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Historical Horse Carriage

The Carriages

What St. Augustinian has not muttered to himself when trapped behind a carriage with a load of happy tourists, as the horse goes clop-clopping along at a snail's pace. In a day of high-powered cars, this older, calmer way of getting around might seem like an anachronism, but it is one of the city's major attractions and just another facet of its unique charm.

A horse and carriage provide the best way imaginable to negotiate the Ancient City's narrow streets, and it was in this way that Henry M. Flagler got his first look at the town he was to help so much. Louis A. Colee was the driver of the two-horse conveyance which took the financier on his first ride through the old town, and there is little doubt that what he saw on this leisurely carriage ride had an effect on his decision to spend millions on hotels and railways throughout the state.

Colee was the owner and founder of the St. Augustine Transfer Company. In those days, carriages served the same purpose as taxicabs do today. They met all the trains and conveyed the tourists and their luggage to the big hotels. When the automobile first began to take over, it was a foregone conclusion that the horse was about to be phased out in St. Augustine, as it was in other parts of the country.

Colee was quick to see that his carriages were ideal as a means of sightseeing and would be a unique attraction to visitors, so they survived. In time, many of them were owned by their drivers and passed on down from father to son. These drivers became famous for their unique rendering of local history as well as for their imaginative replies to all sorts of questions put to them by their clientele.

On one occasion, when asked about the barberpole stripes on the lighthouse, an elderly driver told his fascinated fares that the spiral-like effect was the result of a hurricane which had twisted the tower.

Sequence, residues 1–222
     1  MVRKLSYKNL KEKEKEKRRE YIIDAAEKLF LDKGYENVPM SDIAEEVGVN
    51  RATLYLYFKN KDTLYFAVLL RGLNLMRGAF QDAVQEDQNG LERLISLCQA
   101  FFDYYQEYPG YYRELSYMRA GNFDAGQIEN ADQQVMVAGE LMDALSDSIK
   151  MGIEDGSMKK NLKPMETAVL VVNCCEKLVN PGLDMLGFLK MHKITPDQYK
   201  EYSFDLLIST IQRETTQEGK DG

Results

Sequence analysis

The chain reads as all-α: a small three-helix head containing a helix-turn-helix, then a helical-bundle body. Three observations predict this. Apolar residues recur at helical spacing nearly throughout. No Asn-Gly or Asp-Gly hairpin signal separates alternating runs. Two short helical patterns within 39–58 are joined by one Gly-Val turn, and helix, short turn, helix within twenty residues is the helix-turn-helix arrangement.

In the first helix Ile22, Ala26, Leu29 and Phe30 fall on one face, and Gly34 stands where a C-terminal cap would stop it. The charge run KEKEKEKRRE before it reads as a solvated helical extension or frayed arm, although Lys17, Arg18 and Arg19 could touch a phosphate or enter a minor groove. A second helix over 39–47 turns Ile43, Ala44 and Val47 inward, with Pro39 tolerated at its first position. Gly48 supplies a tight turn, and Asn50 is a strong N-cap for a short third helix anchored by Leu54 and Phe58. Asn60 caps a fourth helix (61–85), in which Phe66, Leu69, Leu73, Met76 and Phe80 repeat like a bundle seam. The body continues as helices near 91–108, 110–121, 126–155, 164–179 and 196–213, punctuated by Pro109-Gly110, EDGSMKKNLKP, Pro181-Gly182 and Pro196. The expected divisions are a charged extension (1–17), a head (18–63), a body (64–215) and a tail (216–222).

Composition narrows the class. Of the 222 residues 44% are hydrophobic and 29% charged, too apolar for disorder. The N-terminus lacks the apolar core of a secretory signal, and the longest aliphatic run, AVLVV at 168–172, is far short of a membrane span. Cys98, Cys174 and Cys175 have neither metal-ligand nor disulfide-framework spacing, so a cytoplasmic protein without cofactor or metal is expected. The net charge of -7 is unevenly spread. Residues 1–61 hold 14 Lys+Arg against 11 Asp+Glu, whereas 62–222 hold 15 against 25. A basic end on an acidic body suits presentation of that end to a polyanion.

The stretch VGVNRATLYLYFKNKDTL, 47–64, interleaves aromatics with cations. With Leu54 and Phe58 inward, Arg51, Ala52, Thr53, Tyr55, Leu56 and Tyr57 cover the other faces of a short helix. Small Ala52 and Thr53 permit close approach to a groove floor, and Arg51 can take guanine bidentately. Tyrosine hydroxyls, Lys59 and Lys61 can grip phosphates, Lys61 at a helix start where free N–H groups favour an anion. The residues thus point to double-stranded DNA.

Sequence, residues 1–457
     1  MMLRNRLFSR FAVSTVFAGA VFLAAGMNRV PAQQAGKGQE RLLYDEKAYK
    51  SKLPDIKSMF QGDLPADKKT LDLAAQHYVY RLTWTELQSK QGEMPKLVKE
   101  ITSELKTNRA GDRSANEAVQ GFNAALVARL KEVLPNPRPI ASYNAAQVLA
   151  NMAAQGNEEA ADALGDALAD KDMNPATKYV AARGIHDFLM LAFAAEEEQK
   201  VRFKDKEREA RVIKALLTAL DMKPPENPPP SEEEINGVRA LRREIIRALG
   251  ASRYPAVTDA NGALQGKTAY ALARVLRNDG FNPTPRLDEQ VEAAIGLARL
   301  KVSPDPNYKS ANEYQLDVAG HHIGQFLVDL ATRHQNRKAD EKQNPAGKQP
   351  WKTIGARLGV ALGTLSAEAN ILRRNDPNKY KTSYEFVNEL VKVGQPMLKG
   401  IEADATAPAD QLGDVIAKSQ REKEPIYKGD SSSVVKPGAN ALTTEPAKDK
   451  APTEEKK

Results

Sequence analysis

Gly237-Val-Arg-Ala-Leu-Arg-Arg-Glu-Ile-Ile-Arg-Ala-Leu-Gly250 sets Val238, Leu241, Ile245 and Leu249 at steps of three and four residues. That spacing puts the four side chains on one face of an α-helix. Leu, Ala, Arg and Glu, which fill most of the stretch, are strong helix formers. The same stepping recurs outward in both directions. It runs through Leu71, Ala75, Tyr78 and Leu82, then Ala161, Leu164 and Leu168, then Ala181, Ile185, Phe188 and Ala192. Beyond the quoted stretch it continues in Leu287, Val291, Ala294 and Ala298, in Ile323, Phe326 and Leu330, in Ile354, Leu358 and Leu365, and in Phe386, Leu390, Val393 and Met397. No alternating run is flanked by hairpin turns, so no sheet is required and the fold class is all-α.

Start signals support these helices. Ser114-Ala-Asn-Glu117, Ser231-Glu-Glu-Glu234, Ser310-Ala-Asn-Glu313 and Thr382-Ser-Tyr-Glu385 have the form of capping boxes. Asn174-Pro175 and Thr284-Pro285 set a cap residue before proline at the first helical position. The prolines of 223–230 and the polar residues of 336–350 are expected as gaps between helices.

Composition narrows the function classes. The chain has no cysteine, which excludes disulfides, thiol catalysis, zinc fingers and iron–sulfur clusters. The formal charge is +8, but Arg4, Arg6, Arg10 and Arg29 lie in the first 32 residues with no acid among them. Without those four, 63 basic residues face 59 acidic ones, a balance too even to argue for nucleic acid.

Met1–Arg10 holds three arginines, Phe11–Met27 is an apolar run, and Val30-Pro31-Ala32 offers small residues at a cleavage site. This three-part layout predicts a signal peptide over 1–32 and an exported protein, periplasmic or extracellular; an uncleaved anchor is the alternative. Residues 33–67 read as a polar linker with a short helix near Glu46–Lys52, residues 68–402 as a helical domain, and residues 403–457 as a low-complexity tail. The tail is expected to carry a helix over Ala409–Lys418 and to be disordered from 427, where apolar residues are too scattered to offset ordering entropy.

Everyone loves the Easter Parade in which the carriages play a prominent part, their horses bedecked in fancy hats. In 1954, the hat making was taken over by Mrs. Mildred Berry, who produced some especially creative millinery masterpieces. There was a special ceremony early Easter morning when the new hats were fitted onto the equine heads, with photographers and representatives of the news media on hand to record the occasion.

A few more modern-minded people have felt, however, that the carriages are a nuisance and block traffic and there have been several attempts to do away with them. In the old days, drivers used to patrol the streets soliciting for fares, but this practice was stopped by city ordinance and the carriages have been restricted to certain streets. Whenever it has been proposed that they be banned entirely, there are always plenty of people willing to rush to their defense.

Editorials championed them for the real service they do in providing fun for visitors, pointing out." You can take a look at the faces of the occupants of a sightseeing carriage and realize that they are thoroughly enjoying their visit." A letter-writer observed: "If New York can afford to place at their disposal a parking place for the New York cabbies at Central Park and 59th Street, I see no reason why this city cannot find a suitable place."

Travelers on their way home from watching the moonshots rise from the sands of Cape Kennedy enjoy a stopover in St. Augustine and a carriage ride around our old town. Let's hope that when the spaceships are taking off for Mars and Jupiter the old horses are still moseying along our streets, pulling those carriages.

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